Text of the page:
Promoting Health, Empowerment, and Community Integration Among People with HIV/AIDS: The Medication Adherence Program Study-II (MAPS-2), University of Illinois at Chicago (H133G060224) led by Lisa A. Razzano, PhD. David W. Keer, Project Officer.
Abstract: The Center on Mental Health Services Research and Policy at the University of Illinois at Chicago (UIC) is collaborating with the Chicago Department of Public Health (CDPH) to assist people with HIV/AIDS live healthier, more productive lives. Clients at CDPH clinics are offered the opportunity to participate in an innovative program designed to improve adherence to medication and treatment regimens, promote physical health and wellness, cultivate consumer empowerment, and foster community integration. This program examines the effects of peer-delivered medication support services compared to services delivered by traditional medication specialists among people living with HIV/AIDS. The addition of the peer component builds upon the success of the UIC Medication Adherence Program Study-I (MAPS-1), a three-year, NIDRR-funded investigation of the impact of specialized medication adherence services provided to people living with HIV/AIDS.
Find out more at: www.psych.uic.edu/mhsrp
Effectiveness of a Teleconference Fatigue Management Program for People with Multiple Sclerosis, University of Illinois at Chicago (H133G070006) led by Marcia Finlayson, PhD. David W. Keer, Project Officer.
Abstract: This project tests the effectiveness and efficacy of a teleconference energy conservation education program for people with multiple sclerosis (MS). The project is guided by self-efficacy theory and builds on existing pilot work. The program is delivered by teleconference by a licensed occupational therapist. Participants are provided with a telephone and headset, and a program manual. On the designated days, participants call a toll-free phone number and participate in an educational group session facilitated by the therapist. Measures of the primary and secondary outcomes are administered over the telephone by a research assistant before and after the program, at three months, and at six months. By collecting data at these points and having a wait-list control group, the project is able to test whether: (1) individuals in the immediate intervention group achieve better outcomes than individuals in the wait-list control group; (2) the program leads to significant reductions in fatigue impact and fatigue severity, and improved quality of life; and (3) improvements in the outcomes can be maintained over six months. Analyses involve t-tests and mixed effects regression models.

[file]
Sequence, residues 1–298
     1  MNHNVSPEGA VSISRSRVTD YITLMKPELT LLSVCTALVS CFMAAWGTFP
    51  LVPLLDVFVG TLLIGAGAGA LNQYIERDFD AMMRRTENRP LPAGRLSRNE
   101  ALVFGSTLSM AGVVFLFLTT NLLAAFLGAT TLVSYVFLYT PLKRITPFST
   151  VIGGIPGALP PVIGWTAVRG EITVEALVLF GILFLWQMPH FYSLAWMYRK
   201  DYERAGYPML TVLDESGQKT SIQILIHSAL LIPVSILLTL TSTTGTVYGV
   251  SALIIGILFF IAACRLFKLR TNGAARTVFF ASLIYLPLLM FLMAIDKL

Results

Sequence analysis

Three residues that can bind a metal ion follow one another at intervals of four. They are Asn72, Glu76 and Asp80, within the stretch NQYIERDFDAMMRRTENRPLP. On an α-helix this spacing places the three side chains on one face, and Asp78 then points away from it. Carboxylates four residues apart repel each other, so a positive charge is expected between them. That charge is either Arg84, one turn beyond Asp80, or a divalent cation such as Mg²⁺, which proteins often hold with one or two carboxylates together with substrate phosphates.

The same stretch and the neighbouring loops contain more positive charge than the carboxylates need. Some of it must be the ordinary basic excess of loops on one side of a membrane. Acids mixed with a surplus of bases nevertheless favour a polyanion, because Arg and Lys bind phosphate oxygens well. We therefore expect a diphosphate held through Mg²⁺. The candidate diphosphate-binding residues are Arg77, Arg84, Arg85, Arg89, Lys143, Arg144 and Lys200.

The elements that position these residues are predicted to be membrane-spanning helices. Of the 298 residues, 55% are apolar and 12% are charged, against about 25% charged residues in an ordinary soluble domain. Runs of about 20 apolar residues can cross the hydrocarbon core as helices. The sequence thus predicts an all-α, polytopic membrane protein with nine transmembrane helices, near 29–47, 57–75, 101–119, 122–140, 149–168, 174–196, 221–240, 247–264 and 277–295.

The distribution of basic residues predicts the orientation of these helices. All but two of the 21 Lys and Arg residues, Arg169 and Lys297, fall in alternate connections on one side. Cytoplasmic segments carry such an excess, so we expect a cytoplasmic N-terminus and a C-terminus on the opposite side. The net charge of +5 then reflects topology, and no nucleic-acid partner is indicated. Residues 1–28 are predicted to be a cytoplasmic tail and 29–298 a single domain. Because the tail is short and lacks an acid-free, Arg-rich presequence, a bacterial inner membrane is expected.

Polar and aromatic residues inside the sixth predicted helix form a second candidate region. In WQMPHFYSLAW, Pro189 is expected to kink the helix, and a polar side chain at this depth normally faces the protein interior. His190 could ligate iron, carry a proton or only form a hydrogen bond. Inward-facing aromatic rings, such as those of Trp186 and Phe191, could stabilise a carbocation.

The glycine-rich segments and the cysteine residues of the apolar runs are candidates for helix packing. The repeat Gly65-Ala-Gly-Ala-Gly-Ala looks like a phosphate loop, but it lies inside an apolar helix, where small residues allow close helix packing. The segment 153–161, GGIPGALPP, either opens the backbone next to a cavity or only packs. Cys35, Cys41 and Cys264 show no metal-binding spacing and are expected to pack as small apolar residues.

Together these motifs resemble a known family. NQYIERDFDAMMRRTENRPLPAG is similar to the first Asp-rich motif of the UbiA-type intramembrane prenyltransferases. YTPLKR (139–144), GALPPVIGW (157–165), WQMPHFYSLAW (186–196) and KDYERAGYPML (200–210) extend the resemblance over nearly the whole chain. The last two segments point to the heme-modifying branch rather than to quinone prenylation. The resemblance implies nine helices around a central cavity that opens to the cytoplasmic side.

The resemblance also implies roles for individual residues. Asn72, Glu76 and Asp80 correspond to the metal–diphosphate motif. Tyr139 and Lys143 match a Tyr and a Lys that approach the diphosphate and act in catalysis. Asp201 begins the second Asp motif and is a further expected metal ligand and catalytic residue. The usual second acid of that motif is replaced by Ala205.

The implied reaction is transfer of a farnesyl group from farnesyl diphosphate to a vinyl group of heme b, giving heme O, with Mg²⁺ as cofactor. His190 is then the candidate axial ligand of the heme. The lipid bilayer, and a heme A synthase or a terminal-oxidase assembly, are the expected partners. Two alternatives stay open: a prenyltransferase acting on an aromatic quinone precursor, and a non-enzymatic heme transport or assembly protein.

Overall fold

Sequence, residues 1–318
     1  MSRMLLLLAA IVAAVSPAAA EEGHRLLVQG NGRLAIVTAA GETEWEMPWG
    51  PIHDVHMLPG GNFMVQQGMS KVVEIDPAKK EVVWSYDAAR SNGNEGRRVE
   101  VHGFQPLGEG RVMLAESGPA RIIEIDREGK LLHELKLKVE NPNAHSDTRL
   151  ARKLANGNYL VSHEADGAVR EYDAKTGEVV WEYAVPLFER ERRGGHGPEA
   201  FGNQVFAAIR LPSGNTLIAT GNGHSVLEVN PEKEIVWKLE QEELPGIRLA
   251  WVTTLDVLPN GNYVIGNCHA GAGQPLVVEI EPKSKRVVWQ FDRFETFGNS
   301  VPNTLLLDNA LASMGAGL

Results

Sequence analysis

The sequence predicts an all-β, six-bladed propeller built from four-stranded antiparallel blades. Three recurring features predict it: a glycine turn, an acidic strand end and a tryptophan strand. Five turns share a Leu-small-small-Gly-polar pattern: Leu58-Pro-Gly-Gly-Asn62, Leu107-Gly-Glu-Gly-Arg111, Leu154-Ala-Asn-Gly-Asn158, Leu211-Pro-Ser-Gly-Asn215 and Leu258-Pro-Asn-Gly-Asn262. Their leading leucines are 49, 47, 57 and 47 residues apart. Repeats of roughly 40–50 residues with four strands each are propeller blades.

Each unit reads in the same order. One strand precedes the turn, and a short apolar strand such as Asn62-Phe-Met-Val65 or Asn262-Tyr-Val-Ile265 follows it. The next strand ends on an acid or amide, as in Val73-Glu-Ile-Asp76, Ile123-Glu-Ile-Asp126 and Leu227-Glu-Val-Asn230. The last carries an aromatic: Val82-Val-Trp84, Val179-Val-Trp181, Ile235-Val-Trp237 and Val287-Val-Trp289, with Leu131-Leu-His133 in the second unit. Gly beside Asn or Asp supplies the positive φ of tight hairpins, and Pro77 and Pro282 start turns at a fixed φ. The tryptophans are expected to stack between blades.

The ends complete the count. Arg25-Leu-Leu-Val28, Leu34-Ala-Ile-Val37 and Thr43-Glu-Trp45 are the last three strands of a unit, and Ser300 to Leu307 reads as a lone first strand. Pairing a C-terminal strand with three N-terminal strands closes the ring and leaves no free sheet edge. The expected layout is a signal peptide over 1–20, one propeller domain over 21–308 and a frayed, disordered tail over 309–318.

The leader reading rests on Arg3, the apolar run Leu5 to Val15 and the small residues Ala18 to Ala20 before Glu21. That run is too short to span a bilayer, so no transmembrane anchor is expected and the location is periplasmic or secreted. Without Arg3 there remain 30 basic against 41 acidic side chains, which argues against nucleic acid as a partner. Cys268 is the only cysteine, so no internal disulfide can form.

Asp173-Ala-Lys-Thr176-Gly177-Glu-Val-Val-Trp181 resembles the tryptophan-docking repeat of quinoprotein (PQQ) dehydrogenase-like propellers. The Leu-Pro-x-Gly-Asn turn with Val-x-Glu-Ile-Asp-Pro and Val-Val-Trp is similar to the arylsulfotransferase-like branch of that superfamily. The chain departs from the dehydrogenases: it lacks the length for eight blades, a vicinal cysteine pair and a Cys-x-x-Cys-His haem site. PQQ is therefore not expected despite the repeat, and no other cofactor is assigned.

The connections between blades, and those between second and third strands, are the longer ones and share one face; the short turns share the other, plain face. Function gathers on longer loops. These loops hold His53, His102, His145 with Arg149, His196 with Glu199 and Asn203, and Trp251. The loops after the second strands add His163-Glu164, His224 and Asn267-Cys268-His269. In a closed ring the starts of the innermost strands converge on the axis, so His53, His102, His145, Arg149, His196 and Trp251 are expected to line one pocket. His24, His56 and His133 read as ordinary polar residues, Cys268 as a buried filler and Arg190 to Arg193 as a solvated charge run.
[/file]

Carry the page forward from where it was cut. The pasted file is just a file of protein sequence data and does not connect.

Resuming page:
Please note: These abstracts have been modified. Full, unedited abstracts, as well as any available REHABDATA citations, are available at naric.com.
The RRTC for Children’s Mental Health publishes two Data Trends products: Summaries, which detail recent publications on systems of care for children with emotional and behavioral disabilities; and News Briefs, highlighting related items in the field. Both are free electronic subscriptions with archives available at datatrends.fmhi.usf.edu/
Current Literature: Selections from REHABDATA
Walker, J., Gowen, L. (2008) Focal point: Workforce, 22(1) NARIC Accession Number: O17145. Project Number: H133B040038.